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The Portland Playlist welcomes Lisa Mann; Bass playin Buddhist Blues Baddie

The Portland Playlist welcomed award-winning mega talent, Lisa Mann, to the studio Wednesday night. This lady is one mean machine on the Bass and she has the awards to prove it: winner of the 2014 Sean Costello Rising Star Award, three Muddy Waters Awards from the Cascade Blues Association, and the 2015 and 2016 Blues Music Award for Bassist of the Year. She fell in love with the Bass at the young age of 11, saved her pennies to put one on layaway at the local pawn shop, and by age 12, it was hers. You might say the rest is history, or as Veronica coined the phrase, Lisa is a “Bass Playin Buddhist Blues Bad…” and is she ever.

Lisa Mann, photo by Teri Briggs

Lisa Mann, photo by Teri Briggs

We spent the first hour listening to Lisa’s music influences. She was a dedicated rock and metal head who “grew up in a mosh pit,” but she also liked the music in her parent’s record collection. Her childhood influences ran the gamut from KISS, Janis Joplin, Deep Purple, Ronnie James Dio to Slayer, Barbra Streisand, and Gladys Knight. More recently, she is inspired by Little Milton, Koko Taylor, Jimmy Reed, Etta James, Wayne Baker Brooks, and Johnny “Guitar” Watson.  She was an ardent fan of the band KISS, had all their posters, and credits the coolness factor of Gene Simmons for being the reason she played the bass. “Midnight Train To Georgia” by Gladys Knight & The Pips was getting a lot of airplay on the AM radio dial Lisa would listen to while staying up all night. Deep Purple’s “Space Truckin” was the first song she learned to play from front to back. You’ll have to listen to the podcast to find out what song played during hers and hubby, Allen Markel’s, first kiss.

Lisa Mann, photo by Teri Briggs

Lisa Mann, photo by Teri Briggs

Moving into the second hour covered Lisa’s original tracks off “Hard Times, Bad Decisions,” released in May 2016, and 2014’s, “Move On.” Just as Lisa’s influences cover a wide range of genres, so too her original material. While all fit the Blues, there are elements of jazz, soul, and rock within these blues. The title track off the latest album speaks to the karma we inherit vs. the karma we create. While hard times are not our choice, the decisions we make are within our choice. One that is gaining in popularity on the airwaves, is a duet she did with Andy Stokes, “Two Halves of a Broken Heart.” “Play it All the Way” is a Jeff Johnson cover that she just had to do. Johnson is a tattoo artist who wrote the book, “Tattoo Machine, which is full of “tall tales,” and “true stories.” According to Lisa, he wrote two songs that were like an opus rock opera and addresses gambling. She had to cover this song because she was drawn to the imagery of “a man in a Hawaiian shirt screamin’ like a preacher, I’m gonna lay him out, I know I got the winnin’ hand.” She also addresses political and social issues like in “Judge a Man Forever.” This one tackles the Ban-The-Box Campaign to persuade employers to eliminate specific questions on their job applications that may prevent former inmates from gaining legitimate employment upon their release.  Lisa draws from a talented pool of musicians  on this album; Jason “JT” Thomas, Michael Ballash, Brian Harris, Vinny Appice, Renato Caranto, Chris Mercer, Rae Gordon, Ellen Whyte, Ben Rice, Kirk Fletcher, Steve Kerin, Mary Kadderly, Sonny Hess, and Louis Pain.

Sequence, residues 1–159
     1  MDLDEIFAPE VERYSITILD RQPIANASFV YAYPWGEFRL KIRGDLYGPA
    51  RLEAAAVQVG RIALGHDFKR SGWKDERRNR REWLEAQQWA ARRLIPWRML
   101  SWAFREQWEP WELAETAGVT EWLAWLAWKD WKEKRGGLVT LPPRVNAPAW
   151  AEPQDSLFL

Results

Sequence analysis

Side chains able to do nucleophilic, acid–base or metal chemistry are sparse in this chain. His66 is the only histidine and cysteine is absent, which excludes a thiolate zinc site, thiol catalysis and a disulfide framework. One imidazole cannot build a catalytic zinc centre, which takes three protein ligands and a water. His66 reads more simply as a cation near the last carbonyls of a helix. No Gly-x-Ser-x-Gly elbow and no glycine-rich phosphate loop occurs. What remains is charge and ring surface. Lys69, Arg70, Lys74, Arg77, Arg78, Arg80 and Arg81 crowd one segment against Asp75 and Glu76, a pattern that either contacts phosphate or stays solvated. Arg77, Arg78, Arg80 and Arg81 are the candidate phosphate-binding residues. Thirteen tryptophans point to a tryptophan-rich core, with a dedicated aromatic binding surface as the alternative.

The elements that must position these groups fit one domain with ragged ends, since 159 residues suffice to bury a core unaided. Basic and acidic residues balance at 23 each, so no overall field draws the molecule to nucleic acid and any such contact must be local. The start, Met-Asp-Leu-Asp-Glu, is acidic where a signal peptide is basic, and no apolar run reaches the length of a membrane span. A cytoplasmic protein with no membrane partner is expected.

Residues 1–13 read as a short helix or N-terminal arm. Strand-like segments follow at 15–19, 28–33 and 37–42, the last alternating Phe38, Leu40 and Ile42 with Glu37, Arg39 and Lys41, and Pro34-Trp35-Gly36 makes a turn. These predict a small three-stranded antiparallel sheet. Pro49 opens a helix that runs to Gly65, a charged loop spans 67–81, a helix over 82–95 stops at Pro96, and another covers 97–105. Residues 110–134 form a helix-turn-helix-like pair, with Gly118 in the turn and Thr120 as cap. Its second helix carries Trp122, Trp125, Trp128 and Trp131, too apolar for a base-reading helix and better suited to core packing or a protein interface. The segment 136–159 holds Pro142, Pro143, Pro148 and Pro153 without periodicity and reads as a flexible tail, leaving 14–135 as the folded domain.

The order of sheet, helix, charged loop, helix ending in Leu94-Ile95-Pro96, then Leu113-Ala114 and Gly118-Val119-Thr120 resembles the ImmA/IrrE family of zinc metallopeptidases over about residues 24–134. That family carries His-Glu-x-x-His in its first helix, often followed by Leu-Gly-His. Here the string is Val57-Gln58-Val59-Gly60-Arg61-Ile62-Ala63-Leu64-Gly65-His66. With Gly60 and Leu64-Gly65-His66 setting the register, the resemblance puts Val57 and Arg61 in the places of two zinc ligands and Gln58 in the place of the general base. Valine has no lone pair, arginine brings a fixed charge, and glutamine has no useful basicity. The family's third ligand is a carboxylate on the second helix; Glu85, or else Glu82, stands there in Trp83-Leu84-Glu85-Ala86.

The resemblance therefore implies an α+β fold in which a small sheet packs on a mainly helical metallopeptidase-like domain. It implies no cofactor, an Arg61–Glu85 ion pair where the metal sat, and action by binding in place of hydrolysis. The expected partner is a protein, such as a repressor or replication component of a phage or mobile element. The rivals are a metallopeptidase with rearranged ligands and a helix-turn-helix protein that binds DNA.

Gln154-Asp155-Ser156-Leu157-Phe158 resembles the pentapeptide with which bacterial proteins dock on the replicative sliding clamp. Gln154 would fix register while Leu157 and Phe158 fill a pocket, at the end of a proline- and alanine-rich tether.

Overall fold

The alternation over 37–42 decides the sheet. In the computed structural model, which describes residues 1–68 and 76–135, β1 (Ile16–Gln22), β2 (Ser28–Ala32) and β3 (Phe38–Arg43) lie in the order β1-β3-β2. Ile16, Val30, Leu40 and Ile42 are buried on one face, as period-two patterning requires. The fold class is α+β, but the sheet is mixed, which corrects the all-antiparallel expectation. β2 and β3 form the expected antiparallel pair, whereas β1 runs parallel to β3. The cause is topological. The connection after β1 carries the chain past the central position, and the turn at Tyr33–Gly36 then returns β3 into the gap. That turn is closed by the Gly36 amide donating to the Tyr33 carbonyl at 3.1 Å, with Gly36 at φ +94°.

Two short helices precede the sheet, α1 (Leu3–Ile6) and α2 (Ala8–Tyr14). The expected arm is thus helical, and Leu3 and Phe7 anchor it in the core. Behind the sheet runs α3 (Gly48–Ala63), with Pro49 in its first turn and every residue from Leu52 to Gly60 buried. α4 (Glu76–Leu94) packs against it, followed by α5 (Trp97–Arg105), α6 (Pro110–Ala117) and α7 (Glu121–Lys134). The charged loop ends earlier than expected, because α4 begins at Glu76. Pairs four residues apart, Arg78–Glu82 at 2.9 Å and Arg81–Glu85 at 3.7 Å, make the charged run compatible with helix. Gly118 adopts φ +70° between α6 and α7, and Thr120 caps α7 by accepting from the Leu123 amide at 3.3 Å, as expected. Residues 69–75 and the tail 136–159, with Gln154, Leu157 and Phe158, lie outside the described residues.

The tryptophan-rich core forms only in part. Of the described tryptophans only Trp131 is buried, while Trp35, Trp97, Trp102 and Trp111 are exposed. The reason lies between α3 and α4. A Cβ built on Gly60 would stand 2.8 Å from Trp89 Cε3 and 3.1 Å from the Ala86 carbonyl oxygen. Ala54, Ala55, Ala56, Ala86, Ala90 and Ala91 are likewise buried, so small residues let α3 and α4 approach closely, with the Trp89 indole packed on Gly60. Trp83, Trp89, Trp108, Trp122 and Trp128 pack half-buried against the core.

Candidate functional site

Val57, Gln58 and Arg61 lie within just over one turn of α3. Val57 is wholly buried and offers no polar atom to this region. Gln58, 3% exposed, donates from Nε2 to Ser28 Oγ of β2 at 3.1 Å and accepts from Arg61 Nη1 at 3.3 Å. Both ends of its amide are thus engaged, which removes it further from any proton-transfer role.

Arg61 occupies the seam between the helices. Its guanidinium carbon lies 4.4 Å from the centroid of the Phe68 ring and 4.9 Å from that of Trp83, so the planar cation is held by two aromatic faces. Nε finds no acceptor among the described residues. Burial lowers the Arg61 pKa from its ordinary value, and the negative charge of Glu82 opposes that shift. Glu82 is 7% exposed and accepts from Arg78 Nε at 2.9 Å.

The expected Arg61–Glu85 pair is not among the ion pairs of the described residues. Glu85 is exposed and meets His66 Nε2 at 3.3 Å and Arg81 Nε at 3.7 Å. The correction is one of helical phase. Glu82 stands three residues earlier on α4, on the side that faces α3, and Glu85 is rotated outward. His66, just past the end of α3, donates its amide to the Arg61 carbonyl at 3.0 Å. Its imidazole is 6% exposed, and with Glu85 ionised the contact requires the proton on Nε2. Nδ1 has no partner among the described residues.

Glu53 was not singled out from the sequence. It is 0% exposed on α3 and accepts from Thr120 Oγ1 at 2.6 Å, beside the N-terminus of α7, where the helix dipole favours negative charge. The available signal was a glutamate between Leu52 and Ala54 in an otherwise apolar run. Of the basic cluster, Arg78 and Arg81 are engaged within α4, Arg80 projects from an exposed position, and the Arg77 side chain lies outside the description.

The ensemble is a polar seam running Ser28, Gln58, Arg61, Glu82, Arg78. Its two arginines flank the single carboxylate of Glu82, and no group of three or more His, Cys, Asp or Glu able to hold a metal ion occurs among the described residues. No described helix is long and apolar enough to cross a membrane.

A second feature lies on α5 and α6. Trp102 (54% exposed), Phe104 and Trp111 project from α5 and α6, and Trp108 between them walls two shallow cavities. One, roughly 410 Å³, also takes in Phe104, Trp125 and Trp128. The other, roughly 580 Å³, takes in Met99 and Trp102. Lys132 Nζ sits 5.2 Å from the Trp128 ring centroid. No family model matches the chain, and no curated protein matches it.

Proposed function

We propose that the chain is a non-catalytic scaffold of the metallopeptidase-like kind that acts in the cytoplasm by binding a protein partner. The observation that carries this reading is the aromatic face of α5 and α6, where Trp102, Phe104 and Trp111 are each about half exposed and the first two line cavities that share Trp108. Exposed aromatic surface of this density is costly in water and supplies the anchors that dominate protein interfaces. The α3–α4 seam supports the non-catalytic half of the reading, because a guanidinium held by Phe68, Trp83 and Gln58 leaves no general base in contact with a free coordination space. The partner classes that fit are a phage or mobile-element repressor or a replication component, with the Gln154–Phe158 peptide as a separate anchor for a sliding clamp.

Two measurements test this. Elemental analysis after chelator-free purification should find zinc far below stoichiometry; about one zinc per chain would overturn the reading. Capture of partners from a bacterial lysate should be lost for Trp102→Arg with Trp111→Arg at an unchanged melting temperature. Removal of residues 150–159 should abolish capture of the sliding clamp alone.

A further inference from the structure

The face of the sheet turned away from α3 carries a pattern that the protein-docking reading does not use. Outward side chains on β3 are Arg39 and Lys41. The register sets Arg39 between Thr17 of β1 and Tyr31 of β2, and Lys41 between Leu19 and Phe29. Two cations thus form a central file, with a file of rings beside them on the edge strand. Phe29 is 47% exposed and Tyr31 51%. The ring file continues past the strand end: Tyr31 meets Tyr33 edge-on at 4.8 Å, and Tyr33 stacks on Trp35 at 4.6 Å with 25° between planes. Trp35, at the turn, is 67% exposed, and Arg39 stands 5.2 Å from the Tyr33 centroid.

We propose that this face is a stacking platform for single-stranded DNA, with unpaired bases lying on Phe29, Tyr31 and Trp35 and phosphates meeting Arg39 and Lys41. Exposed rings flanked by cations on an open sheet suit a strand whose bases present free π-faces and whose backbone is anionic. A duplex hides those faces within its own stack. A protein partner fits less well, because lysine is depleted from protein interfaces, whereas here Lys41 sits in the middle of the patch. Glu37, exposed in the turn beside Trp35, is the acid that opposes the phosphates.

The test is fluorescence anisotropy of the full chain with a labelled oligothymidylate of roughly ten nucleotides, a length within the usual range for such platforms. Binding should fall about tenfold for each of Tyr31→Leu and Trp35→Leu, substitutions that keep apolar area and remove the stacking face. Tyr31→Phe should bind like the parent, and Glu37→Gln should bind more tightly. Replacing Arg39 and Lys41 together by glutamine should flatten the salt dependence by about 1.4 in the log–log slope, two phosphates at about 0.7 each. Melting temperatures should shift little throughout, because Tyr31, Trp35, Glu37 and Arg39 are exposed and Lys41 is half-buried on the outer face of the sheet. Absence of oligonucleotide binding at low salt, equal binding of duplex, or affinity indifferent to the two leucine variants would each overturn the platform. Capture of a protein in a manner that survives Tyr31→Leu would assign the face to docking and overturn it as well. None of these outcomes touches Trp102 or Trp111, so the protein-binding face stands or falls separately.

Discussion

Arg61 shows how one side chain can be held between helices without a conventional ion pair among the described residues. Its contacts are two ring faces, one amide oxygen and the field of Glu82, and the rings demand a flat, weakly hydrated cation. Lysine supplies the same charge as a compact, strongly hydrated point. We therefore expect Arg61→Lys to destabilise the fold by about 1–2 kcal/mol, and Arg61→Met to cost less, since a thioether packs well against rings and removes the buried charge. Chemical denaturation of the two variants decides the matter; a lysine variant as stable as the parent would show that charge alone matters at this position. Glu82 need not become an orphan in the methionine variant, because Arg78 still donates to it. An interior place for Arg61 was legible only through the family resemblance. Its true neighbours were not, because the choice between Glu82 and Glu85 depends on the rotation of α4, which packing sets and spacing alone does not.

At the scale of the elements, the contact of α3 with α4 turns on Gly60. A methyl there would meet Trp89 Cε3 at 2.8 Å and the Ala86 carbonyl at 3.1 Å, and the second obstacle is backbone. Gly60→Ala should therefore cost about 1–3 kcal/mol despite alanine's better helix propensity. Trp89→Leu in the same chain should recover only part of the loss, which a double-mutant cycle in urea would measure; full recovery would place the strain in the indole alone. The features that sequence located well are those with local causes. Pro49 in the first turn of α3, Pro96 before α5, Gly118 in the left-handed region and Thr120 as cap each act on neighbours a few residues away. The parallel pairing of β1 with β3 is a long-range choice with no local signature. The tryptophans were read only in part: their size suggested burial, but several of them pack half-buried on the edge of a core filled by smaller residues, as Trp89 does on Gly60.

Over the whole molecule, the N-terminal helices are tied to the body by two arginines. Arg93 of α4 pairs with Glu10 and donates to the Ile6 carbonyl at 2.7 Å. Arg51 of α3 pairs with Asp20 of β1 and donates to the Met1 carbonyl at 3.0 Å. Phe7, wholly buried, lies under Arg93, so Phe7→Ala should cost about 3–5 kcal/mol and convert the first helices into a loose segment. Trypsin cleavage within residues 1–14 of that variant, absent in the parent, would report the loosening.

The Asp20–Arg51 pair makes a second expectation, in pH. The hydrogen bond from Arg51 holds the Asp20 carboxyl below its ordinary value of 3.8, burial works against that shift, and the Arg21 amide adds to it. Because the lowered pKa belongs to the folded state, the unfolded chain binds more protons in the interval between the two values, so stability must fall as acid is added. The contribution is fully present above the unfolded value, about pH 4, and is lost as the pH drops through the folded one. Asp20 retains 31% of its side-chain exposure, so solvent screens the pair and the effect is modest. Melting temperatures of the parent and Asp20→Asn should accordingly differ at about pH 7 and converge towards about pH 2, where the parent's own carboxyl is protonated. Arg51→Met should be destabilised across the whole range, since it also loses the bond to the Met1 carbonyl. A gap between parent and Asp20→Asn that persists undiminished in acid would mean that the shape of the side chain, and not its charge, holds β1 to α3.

Lisa Mann, photo by Teri Briggs

Lisa Mann, photo by Teri Briggs

Spending two hours with this talented lady feels like five minutes. Whether in a studio or on the stage, she is personable, open, witty, and has story after interesting story to tell. She also has a catalog of accents that she throws out with ease and encourages you to try the same. She has a busy performance schedule and her next show is Thursday, September 8, with Sonny Hess at McMenamins Edgefield Winery. Whether she plays the Main stage at the Waterfront Blues Festival, the intimate setting of Edgefield’s Winery, a club in the U.K., or the popular Jimmy Maks, Lisa Mann gives a performance to please her audience. She’ll belt out a bluesy grit that’ll rock you to your core, or soften the blow with a ballad, but whatever it is, she delivers the goods.

Lisa Mann, photo by Teri Briggs

Lisa Mann, photo by Teri Briggs

Lisa Mann, photo by Teri Briggs

Lisa Mann, photo by Teri Briggs

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Teri Briggs
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Teri Briggs

Teri Briggs can usually be found pedaling around town, behind the lens of her camera, or at one of the many local music venues in town. She also has a fondness for volunteering for good causes, promoting her favorite bands on her music page, and dressing up in a tutu.
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